Ukraine’s Plan to Prosecute Collaborators
New legislation remains open to interpretation by law enforcement agencies and judges.
Nearly 2,000 cases of treason and collaboration with the Russian army have been opened against Ukrainian citizens. Mykyta Petrovets, a lawyer at the Kyiv-based Regional Centre for Human Rights, told IWPR’s Svitlana Morenets that prosecuting collaborationism in Ukraine will be legally complex.
What does the term collaborationism entail?
Article 111 of the Criminal Code of Ukraine (CCU) addresses collaborationism, as it defines high treason as an act wilfully committed by a citizen of Ukraine that can include joining the enemy under martial law or armed conflict, espionage, assistance in subversive activities against Ukraine provided to a foreign state, a foreign organisation or their representatives.
How was collaborationism prosecuted in Ukraine before Russia’s full-scale invasion this February?
Despite eight years of Russian aggression [in the eastern Donbas region], Ukraine’s criminal system did not have provisions about collaborationism until March this year. Drafts to criminalise collaborationism were presented by lawmakers in 2017, 2019 and 2021, but they were unsuccessful.
Until March 2022, collaborationism was prosecuted under three articles of the CCU. Under these provisions there are 96 open investigations under Article 109, about actions aimed at forceful change or overthrow of the constitutional order or takeover of government. A further 8,567 investigations are ongoing under Article 110, which regulates trespass against Ukraine’s territorial integrity and inviolability. An additional 1,544 investigations are open under Article 111, about high treason.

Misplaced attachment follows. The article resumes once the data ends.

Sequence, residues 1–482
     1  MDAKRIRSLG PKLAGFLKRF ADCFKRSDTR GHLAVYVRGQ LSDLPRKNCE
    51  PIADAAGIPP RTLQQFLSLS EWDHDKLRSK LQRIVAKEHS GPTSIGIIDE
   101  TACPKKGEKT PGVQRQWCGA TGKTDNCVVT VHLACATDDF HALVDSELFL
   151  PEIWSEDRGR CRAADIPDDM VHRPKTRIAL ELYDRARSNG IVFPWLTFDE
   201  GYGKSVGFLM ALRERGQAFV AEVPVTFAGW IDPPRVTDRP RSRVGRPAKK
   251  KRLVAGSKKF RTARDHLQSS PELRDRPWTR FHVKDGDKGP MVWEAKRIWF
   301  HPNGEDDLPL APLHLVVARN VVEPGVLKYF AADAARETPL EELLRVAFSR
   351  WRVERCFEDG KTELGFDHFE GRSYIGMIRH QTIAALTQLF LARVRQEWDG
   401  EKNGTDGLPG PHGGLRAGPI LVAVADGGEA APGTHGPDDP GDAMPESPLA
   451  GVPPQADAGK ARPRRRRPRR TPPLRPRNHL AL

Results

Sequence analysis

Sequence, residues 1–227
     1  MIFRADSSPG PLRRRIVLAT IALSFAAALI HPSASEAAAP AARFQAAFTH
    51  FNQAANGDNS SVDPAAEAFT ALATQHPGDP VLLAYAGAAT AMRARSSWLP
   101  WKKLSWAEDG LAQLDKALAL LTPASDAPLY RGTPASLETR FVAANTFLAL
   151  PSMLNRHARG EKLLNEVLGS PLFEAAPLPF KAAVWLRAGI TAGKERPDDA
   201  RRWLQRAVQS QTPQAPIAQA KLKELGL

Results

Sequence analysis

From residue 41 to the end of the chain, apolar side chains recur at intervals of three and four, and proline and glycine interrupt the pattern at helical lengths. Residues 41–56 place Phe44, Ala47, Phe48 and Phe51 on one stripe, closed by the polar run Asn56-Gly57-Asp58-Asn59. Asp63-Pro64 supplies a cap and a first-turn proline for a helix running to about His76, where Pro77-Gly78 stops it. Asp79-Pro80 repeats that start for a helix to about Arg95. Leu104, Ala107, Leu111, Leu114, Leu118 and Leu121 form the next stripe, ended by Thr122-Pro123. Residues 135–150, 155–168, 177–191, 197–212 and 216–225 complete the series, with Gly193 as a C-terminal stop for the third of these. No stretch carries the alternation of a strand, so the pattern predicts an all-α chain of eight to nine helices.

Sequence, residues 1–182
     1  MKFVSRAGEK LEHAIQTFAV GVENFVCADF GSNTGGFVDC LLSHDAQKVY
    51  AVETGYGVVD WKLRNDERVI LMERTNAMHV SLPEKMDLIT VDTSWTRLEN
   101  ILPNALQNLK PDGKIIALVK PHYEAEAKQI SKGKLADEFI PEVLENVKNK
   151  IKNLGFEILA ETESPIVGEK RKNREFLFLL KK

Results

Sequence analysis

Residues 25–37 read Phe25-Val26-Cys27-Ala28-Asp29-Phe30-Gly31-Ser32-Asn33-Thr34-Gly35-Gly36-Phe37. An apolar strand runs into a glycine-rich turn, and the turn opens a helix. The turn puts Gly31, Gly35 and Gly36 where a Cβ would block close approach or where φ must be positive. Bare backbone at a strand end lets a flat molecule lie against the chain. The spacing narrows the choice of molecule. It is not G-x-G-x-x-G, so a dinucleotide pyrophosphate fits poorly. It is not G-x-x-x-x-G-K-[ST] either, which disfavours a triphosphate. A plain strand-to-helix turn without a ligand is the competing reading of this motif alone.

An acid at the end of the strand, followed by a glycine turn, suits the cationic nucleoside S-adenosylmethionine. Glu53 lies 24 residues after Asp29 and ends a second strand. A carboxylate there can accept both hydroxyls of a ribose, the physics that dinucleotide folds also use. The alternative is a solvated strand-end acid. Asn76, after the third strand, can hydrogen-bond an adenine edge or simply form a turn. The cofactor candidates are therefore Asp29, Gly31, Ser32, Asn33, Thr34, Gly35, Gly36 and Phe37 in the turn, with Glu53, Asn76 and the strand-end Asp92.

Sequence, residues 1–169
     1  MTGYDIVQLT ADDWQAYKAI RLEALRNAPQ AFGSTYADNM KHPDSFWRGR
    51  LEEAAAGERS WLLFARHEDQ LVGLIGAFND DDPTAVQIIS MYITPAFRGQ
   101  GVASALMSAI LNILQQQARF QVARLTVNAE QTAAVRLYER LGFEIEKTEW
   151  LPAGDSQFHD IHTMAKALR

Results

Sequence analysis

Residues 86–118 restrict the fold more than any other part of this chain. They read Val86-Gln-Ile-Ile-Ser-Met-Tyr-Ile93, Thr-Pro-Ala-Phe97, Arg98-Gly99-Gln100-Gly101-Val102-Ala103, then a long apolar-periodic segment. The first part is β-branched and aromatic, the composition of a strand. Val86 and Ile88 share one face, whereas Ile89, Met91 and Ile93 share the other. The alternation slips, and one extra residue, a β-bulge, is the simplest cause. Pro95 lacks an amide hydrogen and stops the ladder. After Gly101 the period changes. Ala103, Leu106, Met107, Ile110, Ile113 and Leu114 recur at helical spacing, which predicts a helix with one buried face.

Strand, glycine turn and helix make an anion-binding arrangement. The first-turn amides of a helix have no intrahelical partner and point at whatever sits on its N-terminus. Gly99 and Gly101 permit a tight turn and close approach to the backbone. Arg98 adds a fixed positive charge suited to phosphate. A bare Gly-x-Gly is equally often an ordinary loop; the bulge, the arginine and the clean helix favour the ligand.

What has changed since the full-scale Russian invasion?
On March 15 2022, the CCU was updated with article 111-1 to prosecute “collaborative activity”. It aims to criminalise acts that facilitate Russian aggression and armed conflict against Ukraine and “to ensure fair punishment for persons that cooperate with an aggressor-state and to deprive them the right to occupy certain positions or engage in certain activities”.
On April 23 2022, the CCU was updated with article 111-2. The Accessory to Aggressor-State article aims to criminalise support to Russia in carrying out aggression and armed conflict against Ukraine and “to ensure fair punishment for accessory to aggressor-state and to deprive the right to occupy certain positions or engage in certain activities”.
What is the difference between provision 1 and 2 of article 111?
The basic idea is the same, I would say they complement each other. Paragraph 2 describes accessory to aggressor-state, paragraph 1 a collaborative activity; they use the different terminology of facilitation/cooperation and support/accessory.
Article 111-1 criminalises actions of setting the temporary occupation of a part of the territory of Ukraine, transferring material resources to unlawful armed or paramilitary groups of aggressor-state or which were created on the temporarily occupied territory of Ukraine.